I’m approaching the two year anniversary of my husband’s death. I’ve had people ask how I’m doing, which I appreciate, particularly given the fact that as a culture, grief is brief and the expectation to return to “normal” is, like most unnamed and powerful forces: difficult to resist. Giving into cultural norms means we forget about grief anniversaries. Or, perhaps, we are, simply, like life, moving forward.
There is an all too familiar emotional edge to the “how are you doing” question. When asked, I want to pry into the inquirer’s head see what they are referencing. I suspect that it’s focused on the sadness me or my children feel because we miss their dad. Do they picture the three of us huddled together, watching old videos of our family, holding one another as tears roll down our face? To be fair, that does happen, but it’s rare. If we do watch videos these days, it’s more nostalgic than raw. That, or we’ve acquired emotional calluses.
Where grief rears its head for me is in an inability to deal with balancing the day to dayness of life-- which, up until only a week or so ago--felt mostly manageable. And, the anxiety is palpable. I forget to breathe, I snap quickly and I spend a lot of energy (I don’t have) keeping my face from turning into the bitter scowl of a single working mother who is bothered too much by children who can’t remember to put their shoes in the shoe bin near the front door.
When the anxiety builds, I would like to hear something like, “you know, everyone understands you can’t get to every email” or “kids can sleep in their clothes a few nights a week” rather than “how are you doing?” - a question I don’t have an answer for. A few months into my single parent voyage, I texted a friend attempting to articulate the insurmountable obstacle of dirty dishes. She suggested I name Tuesdays and Wednesdays paper plate days. The suggestion was a much needed salve on an open, festering domestic wound. So simple and yet so brilliant. The truth is, the kids and I are fine on a macro level. But, day to day we are still starting fresh and the moment to moment energy it takes to recreate new lives and new identities is remarkably exhausting. Yet, it’s so common, I forget the toll it takes until the stress forces me to face it and make adjustments.
A while ago, a friend emailed me asking me what she could do to help a friend who recently lost her husband. She felt helpless and uncertain. My suggestion was to share those feelings because chances were her friend was feeling the same way. One of the things I resent most about losing a spouse (other than losing a spouse) is the ongoing tension between working to still relate to my friends and knowing I’ll always be a little different. For example, I have attempted to relate to my married, mom friends by sharing how nice it is that I don’t have anyone to blame but myself when things don’t get done- that there’s only three of us to clean up after rather than four. There is some truth to that; Ed would allow piles of papers to stack up and it would drive me crazy. There are still piles, but they are smaller and the only person to nag is me. He also did all the grocery shopping and the cooking and the kitchen clean up. And he could kick the soccer ball in the backyard with our son while I painted with our daughter at the kitchen table.
I wonder if the women I talk with are trying to relate to me the way I am trying to relate to them: they express frustration over husbands who work all the time or take months to address one item on the honey-do list as a way to say it’s just as hard to have a husband as it is to not have one. It’s our feminine attempt to say, “look, me too” in the midst of knowing only one of us could really understand what it’s like to not have a husband. I wonder if they return to their private lives, like I do mine, reflecting that the stories we shared are half-truths. I like to think that while I am thinking about how lucky I was to have a husband who was a domestic God-send, they are soaking in the cherished presence of masculine energy still in their lives.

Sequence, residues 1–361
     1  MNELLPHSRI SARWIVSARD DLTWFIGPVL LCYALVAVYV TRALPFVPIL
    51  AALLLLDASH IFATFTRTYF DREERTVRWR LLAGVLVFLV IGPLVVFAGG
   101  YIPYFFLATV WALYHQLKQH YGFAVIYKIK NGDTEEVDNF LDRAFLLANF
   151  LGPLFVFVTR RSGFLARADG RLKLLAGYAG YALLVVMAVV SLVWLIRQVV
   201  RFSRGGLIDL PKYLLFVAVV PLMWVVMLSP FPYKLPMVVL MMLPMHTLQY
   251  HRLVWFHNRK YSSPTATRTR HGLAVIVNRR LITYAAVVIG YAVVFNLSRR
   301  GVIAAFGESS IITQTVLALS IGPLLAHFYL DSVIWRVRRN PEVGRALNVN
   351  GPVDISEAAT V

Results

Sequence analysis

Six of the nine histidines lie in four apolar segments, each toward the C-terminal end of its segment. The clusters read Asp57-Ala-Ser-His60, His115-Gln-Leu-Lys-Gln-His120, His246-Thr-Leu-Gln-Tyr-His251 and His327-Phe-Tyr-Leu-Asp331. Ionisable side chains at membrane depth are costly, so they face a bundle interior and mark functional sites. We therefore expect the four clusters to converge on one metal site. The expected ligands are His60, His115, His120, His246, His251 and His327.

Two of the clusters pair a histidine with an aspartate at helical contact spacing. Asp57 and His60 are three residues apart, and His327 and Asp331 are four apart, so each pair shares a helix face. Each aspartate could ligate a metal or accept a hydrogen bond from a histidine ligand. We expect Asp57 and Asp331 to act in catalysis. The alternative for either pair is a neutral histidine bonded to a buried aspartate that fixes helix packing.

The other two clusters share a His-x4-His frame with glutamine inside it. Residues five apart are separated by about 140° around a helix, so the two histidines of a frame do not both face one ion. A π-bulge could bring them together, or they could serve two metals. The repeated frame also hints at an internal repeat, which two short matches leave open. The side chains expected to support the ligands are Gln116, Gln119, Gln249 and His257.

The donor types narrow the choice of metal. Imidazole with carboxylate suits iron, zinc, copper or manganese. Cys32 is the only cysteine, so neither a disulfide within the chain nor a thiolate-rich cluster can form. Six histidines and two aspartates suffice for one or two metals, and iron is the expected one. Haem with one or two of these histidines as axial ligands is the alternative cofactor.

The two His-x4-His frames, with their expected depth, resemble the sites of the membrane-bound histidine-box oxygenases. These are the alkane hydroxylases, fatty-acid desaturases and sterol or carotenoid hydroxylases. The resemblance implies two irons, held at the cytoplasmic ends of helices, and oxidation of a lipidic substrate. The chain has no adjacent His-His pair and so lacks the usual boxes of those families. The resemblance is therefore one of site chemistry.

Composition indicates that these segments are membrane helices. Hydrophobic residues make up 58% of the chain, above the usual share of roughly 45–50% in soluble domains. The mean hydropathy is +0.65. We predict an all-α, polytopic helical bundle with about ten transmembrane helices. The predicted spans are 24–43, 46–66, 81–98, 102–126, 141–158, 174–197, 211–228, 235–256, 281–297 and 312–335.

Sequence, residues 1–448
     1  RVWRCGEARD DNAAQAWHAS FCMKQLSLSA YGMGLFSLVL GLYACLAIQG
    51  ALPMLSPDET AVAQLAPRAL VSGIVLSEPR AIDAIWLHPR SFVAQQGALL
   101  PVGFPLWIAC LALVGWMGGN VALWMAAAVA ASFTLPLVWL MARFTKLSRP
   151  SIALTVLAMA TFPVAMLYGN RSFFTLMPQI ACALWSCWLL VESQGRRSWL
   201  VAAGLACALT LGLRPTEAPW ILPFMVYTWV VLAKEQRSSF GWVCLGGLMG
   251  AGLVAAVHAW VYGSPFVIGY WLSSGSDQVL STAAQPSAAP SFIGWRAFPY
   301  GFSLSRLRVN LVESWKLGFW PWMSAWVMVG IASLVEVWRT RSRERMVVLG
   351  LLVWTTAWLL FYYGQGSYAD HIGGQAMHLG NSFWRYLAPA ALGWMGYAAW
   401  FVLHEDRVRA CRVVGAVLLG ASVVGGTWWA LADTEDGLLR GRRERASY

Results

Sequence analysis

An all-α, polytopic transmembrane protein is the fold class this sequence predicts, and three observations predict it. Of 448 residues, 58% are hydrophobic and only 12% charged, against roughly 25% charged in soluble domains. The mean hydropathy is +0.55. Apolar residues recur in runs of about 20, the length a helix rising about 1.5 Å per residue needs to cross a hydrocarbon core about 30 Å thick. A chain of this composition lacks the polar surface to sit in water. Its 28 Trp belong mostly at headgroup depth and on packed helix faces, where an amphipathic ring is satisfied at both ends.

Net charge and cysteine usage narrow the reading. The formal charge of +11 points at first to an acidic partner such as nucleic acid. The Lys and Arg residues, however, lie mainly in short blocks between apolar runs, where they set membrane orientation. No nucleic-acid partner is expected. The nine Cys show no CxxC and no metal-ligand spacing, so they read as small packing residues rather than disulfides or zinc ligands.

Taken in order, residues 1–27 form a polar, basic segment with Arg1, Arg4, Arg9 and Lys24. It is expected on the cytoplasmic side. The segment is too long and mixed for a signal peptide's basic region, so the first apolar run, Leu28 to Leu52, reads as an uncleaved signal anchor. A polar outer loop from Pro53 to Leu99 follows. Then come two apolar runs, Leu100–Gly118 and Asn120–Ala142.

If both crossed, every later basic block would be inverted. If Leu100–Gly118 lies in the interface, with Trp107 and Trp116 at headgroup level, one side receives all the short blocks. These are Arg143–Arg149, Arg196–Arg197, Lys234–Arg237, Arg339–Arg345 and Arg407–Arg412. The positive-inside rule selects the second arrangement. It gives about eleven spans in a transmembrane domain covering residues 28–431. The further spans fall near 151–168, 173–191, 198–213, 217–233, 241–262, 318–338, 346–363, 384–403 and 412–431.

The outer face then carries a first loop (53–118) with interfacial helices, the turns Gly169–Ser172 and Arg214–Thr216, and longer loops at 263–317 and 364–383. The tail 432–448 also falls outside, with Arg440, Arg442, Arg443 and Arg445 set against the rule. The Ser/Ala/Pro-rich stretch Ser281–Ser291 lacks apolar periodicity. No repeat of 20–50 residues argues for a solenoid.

The times I feel genuinely comforted and not isolated are rare - but they come in moments when they are most needed and when the other person is honest about their own grief and the confusion that comes with grief. Or even in revealing-explicitly or implicitly--that things have in fact changed between us but there’s still a commitment to the friendship, whatever path it may take.
Reese has been drawing pictures of me lately. For the last week, she has brought home a picture a day and they have the same look: me on the left, a door on the right. Being the metaphor chasing, English major, mystic, I immediately began thinking about what the door symbolized. Was it open? Was it closed? What does that mean? Why was she equating me with the door? Our front door was recently fixed by the guys working on the upstairs (transforming it into my bedroom suite/sanctuary). Maybe she just appreciates that the door opens and closes easily and that I’m not wrestling with the deadbolt for an extra five seconds in the morning when we’re trying to get out the door. Turns out her drawing is as simple and comforting as the recent fix. The other day, the new nanny mentioned to me that Reese told her that her favorite time of the day was when I walk through the door. Jack apparently overheard this, because when I was in the middle of questioning the true meaning of the door he looked at me and said plainly, “it’s a picture of Reese’s favorite time of day.” Duh.
So, anticipating two years is full of questions and complications; it’s about negotiating old and new relationships and cultivating new identities. But, also, thank God, it’s about just being and shutting the brain off, seeing plainly what’s right in front of us--without judgment or worry--and sometimes, being pleasantly enraptured by what’s there.